I attend a church. I am also a member of that church. In fact, I serve that church as a pastor. I often invite people to visit that church or to visit our church’s website. As you can tell, the church is a big part of my life. I love the church and spend a lot of time helping other churches. Church means a lot to me.
Unfortunately, I’m not even sure what the word “church” means.
Let me back up. It is well-known that the Greek word that is translated as “church” is ekklesia. This means that whenever we read our New Testament and see the word “church,” ekklesia is the corresponding Greek word. In other words, Jesus said that he would build his ekklesia (Matt. 16:18) and that unrepentant sinners should be brought before the ekklesia (Matt. 18:17). St. Paul said that Christ is the head of the ekklesia (Eph. 5:23) and that Christ’s body is the ekklesia (Col. 1:24). It is where we get the word “ecclesiology,” the doctrine and study of the “church.”
The majority of “modern” English Bible translations render ekklesia as “church” (e.g., ESV, NASB, NET, NIV, NJB, RSV and NLT). Of the “older” English translations, the KJV and the Geneva Bible both also translate ekklesia as “church.” The only translations that differ are David Stern’s Complete Jewish Bible, which translates ekklesia as “community” or “Messianic community” or “congregation,” the Tyndale New Testament, which translates ekklesia as “congregation,” or Young’s Literal Translation, which translates ekklesia as “assembly.” The majority of English translations stick with “church” for ekklesia.
But what is a “church”? What’s the background to this word? It certainly isn’t a transliteration of the corresponding Greek word, like the word “baptism” for the Greek word baptizo. So how did the English word come into use? The Merriam-Webster’s Collegiate Dictionary notes that before the 12th century, the word’s background is from the “Middle English chirche, from Old English cirice, ultimately from Late Greek kyriakon, from Greek, neuter of kyriakos of the lord, from kyrios lord, master; akin to Sanskrit śūra hero, warrior.”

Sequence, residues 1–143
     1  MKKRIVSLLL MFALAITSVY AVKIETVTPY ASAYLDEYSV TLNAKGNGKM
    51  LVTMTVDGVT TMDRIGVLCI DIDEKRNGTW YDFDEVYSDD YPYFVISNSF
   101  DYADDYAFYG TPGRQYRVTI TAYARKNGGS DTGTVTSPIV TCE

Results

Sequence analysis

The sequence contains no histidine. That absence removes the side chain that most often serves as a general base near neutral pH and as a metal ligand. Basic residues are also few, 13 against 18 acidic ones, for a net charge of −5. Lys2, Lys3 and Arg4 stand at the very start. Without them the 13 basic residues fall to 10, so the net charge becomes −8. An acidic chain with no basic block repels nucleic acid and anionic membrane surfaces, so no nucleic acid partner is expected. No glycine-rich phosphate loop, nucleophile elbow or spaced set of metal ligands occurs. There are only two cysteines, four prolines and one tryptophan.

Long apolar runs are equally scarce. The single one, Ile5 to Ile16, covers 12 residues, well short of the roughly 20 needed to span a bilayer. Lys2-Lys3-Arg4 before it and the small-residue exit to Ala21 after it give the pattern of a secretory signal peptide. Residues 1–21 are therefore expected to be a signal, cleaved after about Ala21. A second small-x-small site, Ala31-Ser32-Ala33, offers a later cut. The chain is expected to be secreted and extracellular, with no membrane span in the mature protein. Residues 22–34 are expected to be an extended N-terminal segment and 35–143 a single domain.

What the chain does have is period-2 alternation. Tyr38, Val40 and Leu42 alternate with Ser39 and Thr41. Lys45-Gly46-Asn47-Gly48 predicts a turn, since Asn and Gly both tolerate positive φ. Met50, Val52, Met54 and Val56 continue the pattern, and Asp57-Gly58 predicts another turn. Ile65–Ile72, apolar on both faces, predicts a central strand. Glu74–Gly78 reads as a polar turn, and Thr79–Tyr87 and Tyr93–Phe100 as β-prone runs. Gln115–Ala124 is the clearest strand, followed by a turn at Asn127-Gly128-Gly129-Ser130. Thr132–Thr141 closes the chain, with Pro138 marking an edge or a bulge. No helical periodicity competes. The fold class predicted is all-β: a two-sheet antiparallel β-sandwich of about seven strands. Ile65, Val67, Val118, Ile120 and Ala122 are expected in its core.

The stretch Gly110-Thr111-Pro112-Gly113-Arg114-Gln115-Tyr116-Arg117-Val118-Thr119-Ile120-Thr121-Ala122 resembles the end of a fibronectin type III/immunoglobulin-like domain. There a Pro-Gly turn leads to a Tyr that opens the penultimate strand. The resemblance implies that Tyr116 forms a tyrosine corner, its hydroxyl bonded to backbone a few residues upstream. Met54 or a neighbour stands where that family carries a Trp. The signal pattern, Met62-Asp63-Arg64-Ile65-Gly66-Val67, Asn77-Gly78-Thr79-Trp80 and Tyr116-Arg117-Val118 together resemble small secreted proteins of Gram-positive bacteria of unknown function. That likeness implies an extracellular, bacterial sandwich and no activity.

Let me explain to you what this means: There is no significant reason as to why we translate ekklesia as “church.” The word’s background is no longer relevant to the issue.
Why the word “church” is unhelpful …
My children used to always ask me if we were going to church. I’d always respond by saying, “We don’t go to church; we are the church. The church is the people.” I’m going to assume that there are a bunch of you out there that can identify with that simplistic response.
You see, ecclesiology really matters to me. I’m happily in a church tradition that needs to creatively develop and engage toward a deeper ecclesiology. This applies to both the Vineyard movement as well as both the evangelical and charismatic influences in the background. We need to think deeply about ecclesiology.
After all, why do we actually tell people that the church isn’t the building? Is it possible that church is a building? The way that many of us treat the concept of “church” certainly seems to imply that the “church” is the building. Our practices often reinforce the bad theology that we hold. Perhaps one of the reasons why we have such deficient ecclesiologies and fundamental misunderstandings about the purpose of the ekklesia is because we can’t actually translate the word beyond “church.”